Diekamp, WILHELM, historian, b. at Geldern, May 13, 1854; d. at Rome, December 25, 1885. Soon after his birth the parents of Diekamp removed to Munster in Westphalia, where he made his collegiate studies (1867-72). From 1872 to 1875 he studied theology at Wurzburg and at Munster. Feeling uncertain, however, as to his ecclesiastical calling, he abandoned his desire of entering the priesthood, and took up the study of philology. In 1877 he graduated as doctor of philosophy with the dissertation: “Widukind, der Sachsenfiihrer nach Geschichte and Sage” (Munster, 1877). Excessive study led to grave pulmonary disease, in spite of which he did not spare himself. For some time he taught in the public schools of Munster, Arnsberg, and Aachen, developing in the meantime his scientific historical training. An excellent evidence of this was his “Vitae S. Ludgeri” (Geschichtsquellen des Bistums Munster, IV, Munster, 1881). In 1881 the Westfalischer Verein fur Geschichte and Altertumskunde confided to him the continuation of the “Westfalisches Urkundenbuch”. Thereupon he returned to Munster and in 1882 he became Privatdozent for history at that academy. Previously, however, he spent a year at Vienna for improvement in diplomatics at the “Institut fur oesterreichische Geschichtsforschung” under the direction of Professor Sickel. At Easter, 1883, he began his teaching at Munster, continuing at the same time his historical investigations, specially on Westphalian documents, the history of the papal chancery, and papal diplomatics. In 1885 he published at Munster the first part of the supplement of the “Westfalisches Urkundenbuch”. In the autumn of this year he went to Rome, chiefly to collect in the Vatican archives the material for the large works he had in mind. But typhoid fever carried him off in the midst of his labors. He was buried in the German Campo Santo near St. Peter’s. Diekamp also published between 1878 and 1885 several important studies in different reviews concerning the history of the Middle Ages and diplomatics or official style of the medieval papal documents.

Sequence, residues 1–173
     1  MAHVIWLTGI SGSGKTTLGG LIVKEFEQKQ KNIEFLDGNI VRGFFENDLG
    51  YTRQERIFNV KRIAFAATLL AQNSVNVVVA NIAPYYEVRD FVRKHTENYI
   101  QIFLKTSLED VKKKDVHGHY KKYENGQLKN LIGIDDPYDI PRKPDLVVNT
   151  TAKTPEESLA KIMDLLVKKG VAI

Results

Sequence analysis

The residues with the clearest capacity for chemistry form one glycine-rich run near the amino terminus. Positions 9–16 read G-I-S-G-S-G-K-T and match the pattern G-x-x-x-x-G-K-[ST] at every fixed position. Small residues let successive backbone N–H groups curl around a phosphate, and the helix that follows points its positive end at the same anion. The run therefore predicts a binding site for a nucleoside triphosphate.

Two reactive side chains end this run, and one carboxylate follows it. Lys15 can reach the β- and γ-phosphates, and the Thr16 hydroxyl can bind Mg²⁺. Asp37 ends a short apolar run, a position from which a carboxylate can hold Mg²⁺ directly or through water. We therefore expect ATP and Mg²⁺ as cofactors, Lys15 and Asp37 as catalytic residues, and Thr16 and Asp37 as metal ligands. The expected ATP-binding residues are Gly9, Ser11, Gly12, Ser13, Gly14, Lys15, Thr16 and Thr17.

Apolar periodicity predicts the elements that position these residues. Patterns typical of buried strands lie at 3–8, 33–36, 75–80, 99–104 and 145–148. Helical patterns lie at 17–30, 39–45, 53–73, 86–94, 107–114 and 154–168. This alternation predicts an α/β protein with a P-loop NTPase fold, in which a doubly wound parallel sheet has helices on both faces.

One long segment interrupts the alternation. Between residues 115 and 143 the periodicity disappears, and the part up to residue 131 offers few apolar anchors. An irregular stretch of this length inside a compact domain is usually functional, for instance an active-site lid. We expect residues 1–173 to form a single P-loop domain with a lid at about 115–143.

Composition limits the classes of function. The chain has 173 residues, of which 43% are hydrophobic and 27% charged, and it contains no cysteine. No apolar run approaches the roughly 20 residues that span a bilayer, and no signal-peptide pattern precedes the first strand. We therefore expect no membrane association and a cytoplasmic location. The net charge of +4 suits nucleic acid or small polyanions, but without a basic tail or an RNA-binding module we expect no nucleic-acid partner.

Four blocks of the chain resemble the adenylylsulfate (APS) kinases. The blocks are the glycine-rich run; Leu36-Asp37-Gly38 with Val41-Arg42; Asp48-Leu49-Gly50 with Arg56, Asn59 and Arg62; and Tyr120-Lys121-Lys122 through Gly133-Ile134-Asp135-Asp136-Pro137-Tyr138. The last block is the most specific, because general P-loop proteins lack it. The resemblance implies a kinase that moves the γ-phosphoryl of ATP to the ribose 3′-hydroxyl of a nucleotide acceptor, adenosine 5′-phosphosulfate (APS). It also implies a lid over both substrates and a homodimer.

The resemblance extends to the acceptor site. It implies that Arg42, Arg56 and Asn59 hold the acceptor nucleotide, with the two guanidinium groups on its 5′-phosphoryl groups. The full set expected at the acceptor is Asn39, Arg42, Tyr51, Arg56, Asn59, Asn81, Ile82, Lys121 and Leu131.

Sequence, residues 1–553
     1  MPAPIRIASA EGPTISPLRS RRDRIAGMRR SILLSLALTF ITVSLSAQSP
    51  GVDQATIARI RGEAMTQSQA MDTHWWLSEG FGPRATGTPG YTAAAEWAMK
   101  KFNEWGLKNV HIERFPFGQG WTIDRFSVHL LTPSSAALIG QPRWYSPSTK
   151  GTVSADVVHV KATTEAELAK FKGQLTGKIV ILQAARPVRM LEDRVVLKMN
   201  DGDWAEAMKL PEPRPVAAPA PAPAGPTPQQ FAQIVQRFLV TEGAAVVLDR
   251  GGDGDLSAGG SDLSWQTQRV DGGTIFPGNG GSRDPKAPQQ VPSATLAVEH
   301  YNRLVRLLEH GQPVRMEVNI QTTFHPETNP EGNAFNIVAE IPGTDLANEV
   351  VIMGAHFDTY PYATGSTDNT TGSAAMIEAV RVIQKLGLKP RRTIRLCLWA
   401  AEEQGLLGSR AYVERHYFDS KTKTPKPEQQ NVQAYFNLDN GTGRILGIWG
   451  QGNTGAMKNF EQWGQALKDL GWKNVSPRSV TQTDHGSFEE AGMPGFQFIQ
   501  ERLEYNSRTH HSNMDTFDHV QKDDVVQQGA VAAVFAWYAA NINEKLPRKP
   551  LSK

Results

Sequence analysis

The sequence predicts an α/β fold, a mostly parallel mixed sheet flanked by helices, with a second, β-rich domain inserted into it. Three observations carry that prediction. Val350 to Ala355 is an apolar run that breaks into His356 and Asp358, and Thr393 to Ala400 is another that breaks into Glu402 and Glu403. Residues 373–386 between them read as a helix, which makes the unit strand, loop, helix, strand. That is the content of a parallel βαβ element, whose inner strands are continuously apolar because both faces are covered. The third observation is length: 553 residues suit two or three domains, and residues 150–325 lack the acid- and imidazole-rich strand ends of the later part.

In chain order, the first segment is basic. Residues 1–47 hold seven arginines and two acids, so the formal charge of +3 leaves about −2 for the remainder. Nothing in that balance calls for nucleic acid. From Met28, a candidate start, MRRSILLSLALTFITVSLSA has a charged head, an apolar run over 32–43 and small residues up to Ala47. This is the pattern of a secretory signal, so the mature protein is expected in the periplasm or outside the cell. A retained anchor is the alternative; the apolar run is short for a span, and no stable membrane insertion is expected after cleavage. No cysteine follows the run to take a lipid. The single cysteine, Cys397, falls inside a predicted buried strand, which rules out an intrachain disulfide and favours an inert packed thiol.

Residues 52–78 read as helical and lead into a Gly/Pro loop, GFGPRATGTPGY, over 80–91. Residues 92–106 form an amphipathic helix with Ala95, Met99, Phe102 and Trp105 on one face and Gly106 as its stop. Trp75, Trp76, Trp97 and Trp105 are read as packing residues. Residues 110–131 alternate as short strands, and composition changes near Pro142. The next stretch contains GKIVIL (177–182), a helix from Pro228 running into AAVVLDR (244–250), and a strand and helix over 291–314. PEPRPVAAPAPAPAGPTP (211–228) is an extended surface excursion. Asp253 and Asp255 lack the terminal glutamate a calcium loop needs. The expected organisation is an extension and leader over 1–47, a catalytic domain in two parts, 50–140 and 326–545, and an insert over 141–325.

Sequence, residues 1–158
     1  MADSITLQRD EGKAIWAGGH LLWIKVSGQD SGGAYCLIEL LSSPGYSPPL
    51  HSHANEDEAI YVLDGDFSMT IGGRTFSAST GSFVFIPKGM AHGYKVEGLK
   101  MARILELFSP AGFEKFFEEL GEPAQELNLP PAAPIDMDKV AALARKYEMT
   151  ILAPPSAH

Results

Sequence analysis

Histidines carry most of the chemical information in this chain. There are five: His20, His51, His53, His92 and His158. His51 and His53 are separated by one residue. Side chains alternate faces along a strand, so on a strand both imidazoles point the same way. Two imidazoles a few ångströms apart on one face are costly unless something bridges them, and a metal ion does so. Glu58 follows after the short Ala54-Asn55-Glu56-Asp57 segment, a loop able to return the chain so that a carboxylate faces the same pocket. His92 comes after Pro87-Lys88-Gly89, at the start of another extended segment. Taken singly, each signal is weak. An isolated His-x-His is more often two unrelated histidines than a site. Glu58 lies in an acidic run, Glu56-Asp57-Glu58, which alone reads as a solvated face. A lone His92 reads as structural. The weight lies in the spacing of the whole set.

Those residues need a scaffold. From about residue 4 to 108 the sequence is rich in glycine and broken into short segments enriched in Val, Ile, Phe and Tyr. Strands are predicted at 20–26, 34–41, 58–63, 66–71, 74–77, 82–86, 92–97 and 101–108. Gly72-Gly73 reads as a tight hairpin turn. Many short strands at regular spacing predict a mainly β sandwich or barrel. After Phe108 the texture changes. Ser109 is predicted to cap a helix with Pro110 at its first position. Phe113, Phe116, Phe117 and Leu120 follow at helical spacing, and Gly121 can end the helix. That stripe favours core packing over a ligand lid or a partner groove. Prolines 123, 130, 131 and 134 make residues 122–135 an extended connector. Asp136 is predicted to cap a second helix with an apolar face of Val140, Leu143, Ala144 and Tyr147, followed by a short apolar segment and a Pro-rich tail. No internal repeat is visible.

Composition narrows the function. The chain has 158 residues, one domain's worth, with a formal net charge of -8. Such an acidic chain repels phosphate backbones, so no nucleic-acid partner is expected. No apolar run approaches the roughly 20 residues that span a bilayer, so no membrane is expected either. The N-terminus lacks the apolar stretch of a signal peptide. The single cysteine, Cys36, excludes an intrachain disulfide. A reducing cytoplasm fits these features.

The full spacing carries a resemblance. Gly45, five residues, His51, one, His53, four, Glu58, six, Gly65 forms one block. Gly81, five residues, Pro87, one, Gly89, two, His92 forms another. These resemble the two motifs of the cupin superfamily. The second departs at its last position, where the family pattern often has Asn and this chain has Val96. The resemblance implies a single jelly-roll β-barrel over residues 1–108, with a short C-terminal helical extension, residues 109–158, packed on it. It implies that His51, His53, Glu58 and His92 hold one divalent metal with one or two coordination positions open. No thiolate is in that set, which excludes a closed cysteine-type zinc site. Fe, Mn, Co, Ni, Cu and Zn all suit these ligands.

J. P. KIRSCH